From the Booker Prize-winning author of The Remains of the Day comes a devastating new novel of innocence, knowledge, and loss. As children Kathy, Ruth, and Tommy were students at Hailsham, an exclusive boarding school secluded in the English countryside. It was a place of mercurial cliques and mysterious rules where teachers were constantly reminding their charges of how special they were.
Now, years later, Kathy is a young woman. Ruth and Tommy have reentered her life. And for the first time she is beginning to look back at their shared past and understand just what it is that makes them special–and how that gift will shape the rest of their time together. Suspenseful, moving, beautifully atmospheric, Never Let Me Go is another classic by the author of The Remains of the Day.
All children should believe they are special. But the students of Hailsham, an elite school in the English countryside, are so special that visitors shun them, and only by rumor and the occasional fleeting remark by a teacher do they discover their unconventional origins and strange destiny. Kazuo Ishiguro's sixth novel, Never Let Me Go, is a masterpiece of indirection. Like the students of Hailsham, readers are "told but not told" what is going on and should be allowed to discover the secrets of Hailsham and the truth about these children on their own.
Offsetting the bizarreness of these revelations is the placid, measured voice of the narrator, Kathy H., a 31-year-old Hailsham alumna who, at the close of the 1990s, is consciously ending one phase of her life and beginning another. She is in a reflective mood, and recounts not only her childhood memories, but her quest in adulthood to find out more about Hailsham and the idealistic women who ran it. Although often poignant, Kathy's matter-of-fact narration blunts the sharper emotional effects you might expect in a novel that deals with illness, self-sacrifice, and the severe restriction of personal freedoms. As in Ishiguro's best-known work, The Remains of the Day, only after closing the book do you absorb the magnitude of what his characters endure. --Regina Marler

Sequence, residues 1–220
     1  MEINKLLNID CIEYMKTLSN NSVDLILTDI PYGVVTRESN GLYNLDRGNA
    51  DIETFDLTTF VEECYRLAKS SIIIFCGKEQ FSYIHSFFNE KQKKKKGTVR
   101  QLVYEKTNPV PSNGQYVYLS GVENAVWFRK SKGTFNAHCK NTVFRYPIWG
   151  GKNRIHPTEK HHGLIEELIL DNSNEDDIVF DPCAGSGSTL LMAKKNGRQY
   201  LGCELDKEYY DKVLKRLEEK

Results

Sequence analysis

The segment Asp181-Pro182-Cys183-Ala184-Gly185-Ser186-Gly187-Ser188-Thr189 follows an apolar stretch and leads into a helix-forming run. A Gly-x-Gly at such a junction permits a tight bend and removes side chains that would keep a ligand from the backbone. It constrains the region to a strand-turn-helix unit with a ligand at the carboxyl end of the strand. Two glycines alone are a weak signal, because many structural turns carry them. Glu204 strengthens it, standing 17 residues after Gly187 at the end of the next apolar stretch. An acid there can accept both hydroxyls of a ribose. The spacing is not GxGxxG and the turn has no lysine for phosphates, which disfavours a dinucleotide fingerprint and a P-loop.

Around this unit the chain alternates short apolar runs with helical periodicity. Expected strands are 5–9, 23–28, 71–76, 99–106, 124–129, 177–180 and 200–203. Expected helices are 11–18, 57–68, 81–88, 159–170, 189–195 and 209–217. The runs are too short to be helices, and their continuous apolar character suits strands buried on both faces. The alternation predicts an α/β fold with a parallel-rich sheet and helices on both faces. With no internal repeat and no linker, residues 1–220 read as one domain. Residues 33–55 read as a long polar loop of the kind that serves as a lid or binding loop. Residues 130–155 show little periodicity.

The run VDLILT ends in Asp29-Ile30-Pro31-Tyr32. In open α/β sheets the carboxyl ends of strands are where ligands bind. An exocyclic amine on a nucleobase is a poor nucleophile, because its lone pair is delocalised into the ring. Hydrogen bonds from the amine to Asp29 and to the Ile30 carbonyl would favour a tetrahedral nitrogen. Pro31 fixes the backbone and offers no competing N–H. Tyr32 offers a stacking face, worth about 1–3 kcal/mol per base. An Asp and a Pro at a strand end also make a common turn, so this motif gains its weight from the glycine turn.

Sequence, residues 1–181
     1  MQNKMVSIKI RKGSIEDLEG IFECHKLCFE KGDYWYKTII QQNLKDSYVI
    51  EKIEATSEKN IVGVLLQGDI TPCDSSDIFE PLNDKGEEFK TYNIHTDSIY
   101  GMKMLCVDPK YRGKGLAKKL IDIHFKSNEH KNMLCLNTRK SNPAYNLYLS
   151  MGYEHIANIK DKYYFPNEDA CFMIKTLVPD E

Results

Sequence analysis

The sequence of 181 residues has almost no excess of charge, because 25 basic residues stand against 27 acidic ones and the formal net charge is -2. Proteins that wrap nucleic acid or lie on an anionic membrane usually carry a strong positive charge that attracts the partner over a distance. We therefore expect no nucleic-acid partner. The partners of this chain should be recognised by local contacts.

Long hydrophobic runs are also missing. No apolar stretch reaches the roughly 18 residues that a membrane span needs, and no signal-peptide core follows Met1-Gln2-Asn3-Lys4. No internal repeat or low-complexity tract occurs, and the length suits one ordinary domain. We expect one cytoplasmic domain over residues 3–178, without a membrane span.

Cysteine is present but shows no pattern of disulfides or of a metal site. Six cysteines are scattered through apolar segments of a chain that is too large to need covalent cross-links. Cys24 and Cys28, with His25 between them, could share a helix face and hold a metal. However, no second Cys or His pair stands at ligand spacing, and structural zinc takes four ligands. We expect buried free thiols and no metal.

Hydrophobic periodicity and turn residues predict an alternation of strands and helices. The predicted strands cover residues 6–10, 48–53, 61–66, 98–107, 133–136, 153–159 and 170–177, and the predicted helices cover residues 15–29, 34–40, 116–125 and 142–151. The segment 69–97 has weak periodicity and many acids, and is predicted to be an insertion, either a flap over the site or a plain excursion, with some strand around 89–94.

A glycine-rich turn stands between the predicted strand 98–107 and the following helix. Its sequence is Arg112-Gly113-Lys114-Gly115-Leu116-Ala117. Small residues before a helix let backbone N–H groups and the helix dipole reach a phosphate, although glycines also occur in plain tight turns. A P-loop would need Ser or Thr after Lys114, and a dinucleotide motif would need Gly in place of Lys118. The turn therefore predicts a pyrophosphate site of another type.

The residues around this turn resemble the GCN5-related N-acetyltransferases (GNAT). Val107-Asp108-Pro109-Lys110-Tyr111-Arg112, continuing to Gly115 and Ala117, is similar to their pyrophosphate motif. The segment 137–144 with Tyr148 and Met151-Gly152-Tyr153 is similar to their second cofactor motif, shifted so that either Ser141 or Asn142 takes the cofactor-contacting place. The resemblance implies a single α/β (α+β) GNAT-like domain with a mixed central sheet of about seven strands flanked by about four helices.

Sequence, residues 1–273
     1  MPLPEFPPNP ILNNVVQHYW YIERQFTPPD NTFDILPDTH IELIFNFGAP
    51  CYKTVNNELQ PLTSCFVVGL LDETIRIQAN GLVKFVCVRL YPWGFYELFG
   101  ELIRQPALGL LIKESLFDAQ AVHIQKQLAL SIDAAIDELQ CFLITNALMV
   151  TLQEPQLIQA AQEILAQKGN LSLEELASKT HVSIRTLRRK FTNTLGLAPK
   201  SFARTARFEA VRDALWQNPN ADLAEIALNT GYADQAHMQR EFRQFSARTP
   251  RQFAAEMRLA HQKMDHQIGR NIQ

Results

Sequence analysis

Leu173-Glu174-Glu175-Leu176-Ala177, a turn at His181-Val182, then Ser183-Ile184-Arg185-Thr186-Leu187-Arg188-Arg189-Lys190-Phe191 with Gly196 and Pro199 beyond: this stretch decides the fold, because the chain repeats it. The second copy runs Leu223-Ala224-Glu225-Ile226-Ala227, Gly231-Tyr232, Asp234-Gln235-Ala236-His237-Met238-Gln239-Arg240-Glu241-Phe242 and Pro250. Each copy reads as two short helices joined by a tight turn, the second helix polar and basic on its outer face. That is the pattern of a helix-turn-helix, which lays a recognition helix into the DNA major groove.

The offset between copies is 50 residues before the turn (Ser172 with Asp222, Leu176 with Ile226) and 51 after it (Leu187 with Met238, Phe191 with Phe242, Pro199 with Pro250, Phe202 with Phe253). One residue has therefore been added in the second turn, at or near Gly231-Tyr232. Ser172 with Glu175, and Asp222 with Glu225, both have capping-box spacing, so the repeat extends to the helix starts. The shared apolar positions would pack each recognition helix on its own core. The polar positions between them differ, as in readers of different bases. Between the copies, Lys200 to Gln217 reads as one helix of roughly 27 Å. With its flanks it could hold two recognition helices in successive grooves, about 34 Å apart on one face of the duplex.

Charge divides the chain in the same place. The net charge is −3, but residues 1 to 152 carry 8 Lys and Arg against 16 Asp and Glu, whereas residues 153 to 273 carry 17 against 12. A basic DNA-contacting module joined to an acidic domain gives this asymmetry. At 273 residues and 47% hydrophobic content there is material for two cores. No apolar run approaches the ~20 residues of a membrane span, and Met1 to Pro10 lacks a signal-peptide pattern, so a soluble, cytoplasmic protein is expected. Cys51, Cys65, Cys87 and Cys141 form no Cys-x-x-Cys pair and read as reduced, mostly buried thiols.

Shellie (USA: MS) (2007/02/13):
One of the best books I have ever read. I still think of it all the time.
Kirk (USA: OH) (2008/04/19):
As a college English major reading this book I was not impressed. I had figured out the plot of the book by 20 or so pages in. It is supposed to be a shocker given how Ishiguro uses the terms "carer" and "donor" and glosses over details as he starts the opening of this novel. The inspection of the characters Kath and Tommy through the progression of the story is boring.
I am assuming that if you had not figured out the plot so early that later when Ishiguro drops the hammer and lets the readers in on the secret that it is supposed to have a profound impact on them. If you take the story as a symbolic development of isolated children into adulthood you might get something out of it. Otherwise the "lives" of these children are the fault of society and the callousness to which the advancement of civilization is the intended faulted party according to the author.
Personally I would recommend a book like Emile Zola's "Germinal" over this one. The overall development of characters is better and the ending does not jump out at the reader in the beginning.
rose deniz (Turkey) (2008/05/29):
Eerie and interesting, beautifully written. Left an impression on me long after reading it.
Diane P (USA: NC) (2008/07/25):
I read this book for an English Literature class and really enjoyed it. It only took a few hours for me to read the whole thing, as I found it quite interesting. The author slowly drops clues as to what is going on throughout the book, but lets the reader unravel the mystery for him/herself. Truly an interesting book.
anita (USA: NY) (2008/08/29):
Mesmerizing and heartbreaking. Couldn't put it down.